Saturday, October 22, 2022

Eating off the Hill: Berlin street food in the German Ambassador’s backyard

Before Fall took full hold in Ottawa I had the opportunity to attend a reception at the German Ambassador to Canada’s residence in commemoration of the anniversary of German reunification. The headliner: Berlin street food.

I lived in West Germany for four years in my youth, another three months in a unified Germany as a teen on a student exchange, and had the opportunity to visit Berlin for a week about a decade ago. So, as a big fan of Germany and German food, I was excited.

I’m also a big fan of Berlin street food. I remember when I was on exchange and all the visiting Canadian students were taken to Berlin for a visit, we’d be handed 10 Marks (this was pre-euro) getting off the bus to go find lunch on our own each day and practice our German. I would always head to the nearest doner kebab truck and get a doner and a drink for maybe 5 Marks, leaving my stomach full and a surplus in my pocket. And on my next visit to Berlin I discovered another Berlin staple – currywurst. An even cheaper iconic local street food.

So I was excited to see both on the menu at the German shindig, held on the broad and leafy backyard of the Ambassador’s home in Rockcliffe.

I popped by the bar first but they were out of red, but plenty of German Rieslings on hand. I opted for a soft drink instead and joined the sizeable doner line. There was no rotating doner spit on hand, but there was an assembly line of adding toppings before a self-serve sauce station. Which I had trouble with, the bottle not wanting to cooperating and then cooperating too much, resulting in a substantial oversauce.

Doner, for those that don’t know, is the Turkish version of a gyro, donair or shawarma. Germany has a substantial Turkish immigrant population and the doner kebab has spread from Berlin to street corners and shops across the country – and even several restaurants here in Ottawa. Meat, fresh veg and sauce in bread.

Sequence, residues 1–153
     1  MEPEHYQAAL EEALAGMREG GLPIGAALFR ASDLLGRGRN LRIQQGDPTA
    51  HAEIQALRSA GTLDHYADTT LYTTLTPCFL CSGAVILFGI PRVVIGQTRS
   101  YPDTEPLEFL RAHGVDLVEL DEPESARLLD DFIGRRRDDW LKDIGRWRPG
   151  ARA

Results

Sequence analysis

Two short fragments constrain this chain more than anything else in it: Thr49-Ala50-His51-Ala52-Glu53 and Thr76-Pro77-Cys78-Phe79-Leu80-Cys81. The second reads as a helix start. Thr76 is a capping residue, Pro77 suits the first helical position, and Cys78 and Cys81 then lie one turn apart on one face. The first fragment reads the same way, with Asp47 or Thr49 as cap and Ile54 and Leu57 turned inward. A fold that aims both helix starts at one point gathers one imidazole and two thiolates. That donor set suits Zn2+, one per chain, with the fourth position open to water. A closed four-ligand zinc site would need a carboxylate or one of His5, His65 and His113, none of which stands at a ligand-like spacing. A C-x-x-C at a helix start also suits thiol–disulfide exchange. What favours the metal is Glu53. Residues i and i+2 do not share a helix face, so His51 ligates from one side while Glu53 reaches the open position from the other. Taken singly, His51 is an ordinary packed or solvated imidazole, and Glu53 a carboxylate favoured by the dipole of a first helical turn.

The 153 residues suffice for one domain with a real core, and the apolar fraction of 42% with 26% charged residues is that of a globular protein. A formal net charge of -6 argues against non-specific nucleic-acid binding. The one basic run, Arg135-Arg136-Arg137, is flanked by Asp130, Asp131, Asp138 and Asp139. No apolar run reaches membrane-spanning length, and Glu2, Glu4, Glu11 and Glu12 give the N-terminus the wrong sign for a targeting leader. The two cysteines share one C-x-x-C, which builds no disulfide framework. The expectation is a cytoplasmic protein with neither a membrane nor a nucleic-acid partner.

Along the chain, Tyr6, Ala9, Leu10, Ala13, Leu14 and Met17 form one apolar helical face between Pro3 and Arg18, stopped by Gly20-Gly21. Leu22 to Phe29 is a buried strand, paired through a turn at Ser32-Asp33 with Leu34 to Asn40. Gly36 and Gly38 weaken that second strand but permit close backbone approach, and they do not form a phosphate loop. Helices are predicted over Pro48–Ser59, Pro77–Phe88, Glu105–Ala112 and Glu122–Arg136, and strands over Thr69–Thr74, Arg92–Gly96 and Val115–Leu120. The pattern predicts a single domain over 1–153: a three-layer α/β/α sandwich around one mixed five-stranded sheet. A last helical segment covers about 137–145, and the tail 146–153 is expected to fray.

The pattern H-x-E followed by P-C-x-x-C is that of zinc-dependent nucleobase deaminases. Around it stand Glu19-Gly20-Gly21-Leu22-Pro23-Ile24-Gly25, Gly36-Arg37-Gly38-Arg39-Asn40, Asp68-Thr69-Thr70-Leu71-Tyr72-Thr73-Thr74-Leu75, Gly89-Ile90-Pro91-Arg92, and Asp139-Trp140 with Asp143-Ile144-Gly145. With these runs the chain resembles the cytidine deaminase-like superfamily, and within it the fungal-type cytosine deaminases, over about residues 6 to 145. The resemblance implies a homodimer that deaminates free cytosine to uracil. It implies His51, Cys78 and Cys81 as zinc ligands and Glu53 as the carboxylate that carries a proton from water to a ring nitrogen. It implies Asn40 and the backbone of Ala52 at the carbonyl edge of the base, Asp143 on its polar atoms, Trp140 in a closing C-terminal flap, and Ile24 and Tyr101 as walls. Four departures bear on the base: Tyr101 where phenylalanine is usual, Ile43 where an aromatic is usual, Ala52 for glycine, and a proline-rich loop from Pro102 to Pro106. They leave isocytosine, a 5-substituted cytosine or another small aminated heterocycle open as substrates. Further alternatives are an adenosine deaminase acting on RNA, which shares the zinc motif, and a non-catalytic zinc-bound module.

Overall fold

The one on offer here wasn’t super authentic, but given the limitations of the event that’s OK and it was still pretty good, hearty and satisfying. And I managed to keep it off my suit jacket, so win.

Up next was the currywurst, which a much shorter line. Currywurst is usually a chopped-up pork sausage (Germans love their pork) served in a curry ketchup. A different, lower carb take on the street popular in Toronto. It’s a tasty little snack, less filling than a doner kebab but also cheaper too. There is much competition in Berlin around sauce recipes and cooking techniques.

While there are a number of kebab shops in Ottawa now, currywurst sadly hasn’t made it here yet. This one was, again, just OK. The sauce was lacking zip – needed more curry. Though maybe seven years of South Asian cuisine has dulled my spice sensitivity .

The last item I had not heard of before, so I asked for an explanation. It was called a Frikdallen – basically a cold hamburger. I was told this was a common German bar food – they eat this after a lot of drinking so they can drink some more. As most of my time in Germany was a young lad, that probably explains why it was new to me. Maybe it’s better after a few steins of pilsner – I would have preferred it hot.

Still, it was great to sample again some of the foods I enjoyed in Germany. Thanks to the German Embassy for the food memories. Hope to visit the country again one day to get them at the source.

Recommend this Post on Progressive Bloggers

No comments: